The German Subject Test allows you to showcase your ability to read and understand the German language. In addition to complementing or enhancing your admission portfolio, it may also give you a head start in college by allowing you to fulfill basic language competency requirements or place out of introductory level German courses.
Online practice will be available later this fall. Learn about other ways you can practice.
- Offered in June only
- Complies with the German spelling reform (Rechtschreibreform) as much as possible
Scoring, Timing, Number of Questions
|200–800||60||85 (Multiple Choice)|
Getting Ready for the Test
- Knowledge of words representing different parts of speech and some basic idioms within culturally appropriate contexts.
- Ability to select an appropriate word or expression that is grammatically correct within a sentence. One part of the test contains vocabulary and structure questions embedded in longer paragraphs.
- Understanding of such points as the main and supporting ideas, themes, and setting of a passage. Selections are drawn from fiction, essays, historical works, newspaper and magazine articles, and such everyday materials as advertisements, timetables, forms, and tickets.
- Ability to read passages representative of various styles and levels of difficulty. Each test edition has several prose passages followed by questions that test your understanding of the passage. The passages, mostly adapted from literary sources and newspapers or magazines, are generally one or two paragraphs in length and test whether you can identify the main idea or comprehend facts or details in the text.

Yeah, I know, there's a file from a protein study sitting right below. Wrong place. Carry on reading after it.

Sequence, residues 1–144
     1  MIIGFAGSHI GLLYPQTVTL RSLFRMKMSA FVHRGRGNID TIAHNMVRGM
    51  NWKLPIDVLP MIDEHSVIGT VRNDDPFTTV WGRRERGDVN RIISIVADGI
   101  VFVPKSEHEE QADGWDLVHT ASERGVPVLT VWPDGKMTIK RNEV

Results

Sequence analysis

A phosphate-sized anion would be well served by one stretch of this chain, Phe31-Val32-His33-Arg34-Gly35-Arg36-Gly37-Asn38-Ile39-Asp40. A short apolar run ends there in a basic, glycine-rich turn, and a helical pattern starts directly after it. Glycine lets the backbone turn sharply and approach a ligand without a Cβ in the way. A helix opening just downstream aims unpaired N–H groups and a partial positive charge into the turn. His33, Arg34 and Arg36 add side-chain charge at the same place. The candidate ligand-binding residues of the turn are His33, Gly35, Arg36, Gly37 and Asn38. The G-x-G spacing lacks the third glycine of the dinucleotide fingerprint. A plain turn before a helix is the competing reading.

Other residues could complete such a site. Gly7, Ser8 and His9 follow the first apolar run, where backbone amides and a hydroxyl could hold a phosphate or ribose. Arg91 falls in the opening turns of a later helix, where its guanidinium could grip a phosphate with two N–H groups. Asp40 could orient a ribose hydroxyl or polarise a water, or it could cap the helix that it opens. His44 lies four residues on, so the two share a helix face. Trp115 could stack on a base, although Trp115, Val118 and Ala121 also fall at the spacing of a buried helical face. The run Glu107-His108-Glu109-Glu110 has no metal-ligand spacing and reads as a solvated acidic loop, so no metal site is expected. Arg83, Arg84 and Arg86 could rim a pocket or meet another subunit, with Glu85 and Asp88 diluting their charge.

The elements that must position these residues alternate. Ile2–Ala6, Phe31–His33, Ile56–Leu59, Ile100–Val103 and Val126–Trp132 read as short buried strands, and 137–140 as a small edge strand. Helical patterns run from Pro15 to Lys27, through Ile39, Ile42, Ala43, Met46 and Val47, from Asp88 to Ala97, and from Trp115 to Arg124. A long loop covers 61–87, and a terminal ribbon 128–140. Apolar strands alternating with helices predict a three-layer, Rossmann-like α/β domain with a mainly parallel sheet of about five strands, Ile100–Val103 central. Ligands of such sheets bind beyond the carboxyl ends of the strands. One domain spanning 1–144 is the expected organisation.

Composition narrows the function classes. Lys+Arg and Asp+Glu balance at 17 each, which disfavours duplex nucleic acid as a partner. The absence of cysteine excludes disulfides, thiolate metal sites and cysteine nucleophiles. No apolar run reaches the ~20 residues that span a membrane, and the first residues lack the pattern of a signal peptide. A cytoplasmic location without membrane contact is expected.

- 2–4 years of study in high school or the equivalent
- Gradual development of competence in German over a period of years
|Content||Approximate % of Test|
|Vocabulary in context and structure in context (grammar)||50%|
Download the SAT Subject Tests Student Guide (.pdf/6.3MB) for more information on the topics.
Download for free:
- The SAT Subject Tests Student Guide (.pdf/6.3MB) contains information on all 20 SAT Subject Tests, official sample questions, test-taking tips and approaches, and more.
- Answer Explanations to the German Practice Questions (.pdf/542KB)
Buy at the bookstore:
The Official Study Guide for All SAT Subject Tests, Second Edition
Get the only study guide available for all 20 SAT Subject Tests.
- 20 full-length, previously administered Subject Tests
- Detailed answer explanations for all test questions
- The most up-to-date tips and approaches on selecting which tests to take, the best time to take the tests, and how to best be ready for test day
- The latest versions of the instructions, background questions, and answer sheet
- Detailed descriptions of every Subject Test, including topics covered and recommended course work
- Two audio CDs for all six Language with Listening Tests
Note: Free online practice will be available later this fall.
Additional Things to Know
When should I take the German test?
There are a few factors to consider as you decide when to take the test. You should have at least two years of strong preparation in the language, but the more the better.